- Homing: An Affective Topography of Ethnic Korean Return Migration by Ji-Yeon O. Jo
In the early 1990s, South Korea experienced a turning point in its migration pattern, transitioning from a nation of emigration to immigration. Joining in this immigration flow were diaspora Koreans, whose “return” was largely influenced by the nation’s shifting geopolitical relationships, economic prosperity, and global visibility. In Homing: An Affective Topography of Ethnic Korean Return Migration, Ji-Yeon O. Jo provides a framework for understanding legacy migration through the concept of transborder belongings; this expresses the topography of social, legal, lingual, and familial borders across transborder spaces.
Jo focuses on diaspora Koreans from China, the Commonwealth of Independent States (CIS), and the United States—the three largest groups of returnees—mainly using in-depth interviews with sixty-three later-generation ethnic diaspora Koreans who have migrated to South Korea. She supplements this with fieldwork in Seoul and Busan in South Korea, and also Yanji, China. The legacy migrants arrive with unique histories that form varying imagined relationships with the ancestral homeland; Jo then demonstrates how these images and narratives are reconstructed in their experiences of migration, thereby challenging the monolithic conception [End Page 149] of Korea’s peoplehood. Homing unfolds the richly textured experiences of the legacy migrants in two parts: Part 1 focuses on the sociohistorical and political contexts behind diaspora subjectivity, and part 2 on its transformation through “homing.”
Part 1 provides an overview of diaspora communities residing in the three regions. Jo interweaves collective history and personal narratives to explain the contexts in and process by which the diaspora Koreans form their subjectivities and sense of belonging to Korea. The Koreans in China have preserved their affective connections to the ancestral homeland through metaphorical imagery, intergenerational storytelling, and vicarious longings; the majority lived in ethnic enclaves in the northeastern region of China, which helped preserve traditions, ethnic identity, and ethnic education.
The Koreans in the CIS, in contrast, have endured conditions of instability and turbulence, and can be divided into two categories following the forced deportation of 1937: Koryŏ Saram (“diaspora Koreans in Central Asia and Russia”) and Sahallin Saram (“diaspora Koreans on the Russian island of Sakhalin”). The changing geopolitical circumstances mark their precariousness and feelings of estrangement from the diaspora, which fuel their desire to reconstitute affective connections to the ancestral homeland.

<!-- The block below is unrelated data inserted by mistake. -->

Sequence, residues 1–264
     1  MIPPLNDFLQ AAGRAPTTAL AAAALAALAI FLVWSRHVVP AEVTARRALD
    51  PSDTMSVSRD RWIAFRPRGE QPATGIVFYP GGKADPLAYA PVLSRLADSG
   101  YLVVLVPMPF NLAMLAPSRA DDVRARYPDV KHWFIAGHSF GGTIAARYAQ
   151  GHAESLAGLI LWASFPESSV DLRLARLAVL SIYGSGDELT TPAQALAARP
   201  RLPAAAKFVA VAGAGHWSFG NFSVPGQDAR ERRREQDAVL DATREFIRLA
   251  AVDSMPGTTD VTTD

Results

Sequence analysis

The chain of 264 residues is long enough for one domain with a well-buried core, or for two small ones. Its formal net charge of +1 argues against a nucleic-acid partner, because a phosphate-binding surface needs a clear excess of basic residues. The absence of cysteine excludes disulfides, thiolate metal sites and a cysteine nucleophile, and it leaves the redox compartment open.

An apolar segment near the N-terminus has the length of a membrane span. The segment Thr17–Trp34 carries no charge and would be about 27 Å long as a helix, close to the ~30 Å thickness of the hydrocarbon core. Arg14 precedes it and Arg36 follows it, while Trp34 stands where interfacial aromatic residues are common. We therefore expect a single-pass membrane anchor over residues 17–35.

Lastly, the Koreans in the United States struggled with invisibility in representation, but with hypervisibility around ethnic stereotypes. This translated into paradoxical reactions to Korea as either a nostalgia of a lost homeland or a foreignness to be refused. Although demarcating themselves from recent Korean immigrants and Koreans in Korea, the Korean Americans still expressed strong feelings of connection to the South Korean state.
As a result, Jo illustrates how the Korean diaspora in the three communities—while broadly sharing the affective conditions of longing, suffering, and pride—have varying contexts that inform their transborder belongings. Homing’s strength, however, lies in part 2 where Jo examines how the diaspora Koreans’ images and narratives of ancestral homeland are changed and reinforced upon legacy migration, which in turn also reconstruct the Korean peoplehood. The legacy migrants, who move to Korea with optimism that they would face fewer difficulties due to co-ethnic status and affective investments made, often find themselves as marginalized minorities again in their ethnic homeland. Jo’s careful analysis of crossover dynamics in social fields extends the scholarship on hierarchical nationhood. The legacy migrants find their social spaces and [End Page 150] the nature of engagement with native Koreans to be stratified by the diaspora community in ways that exemplify the global hierarchy. For example, in trying to reconnect with their long-lost family members, the CIS Koreans and Korean Chinese might be pitied as “poor cousins” or even suspected of planning to claim the family inheritance, whereas Korean Americans experienced more welcoming and positive reunions. Furthermore, while the CIS Korean legacy migrants felt socially distanced due...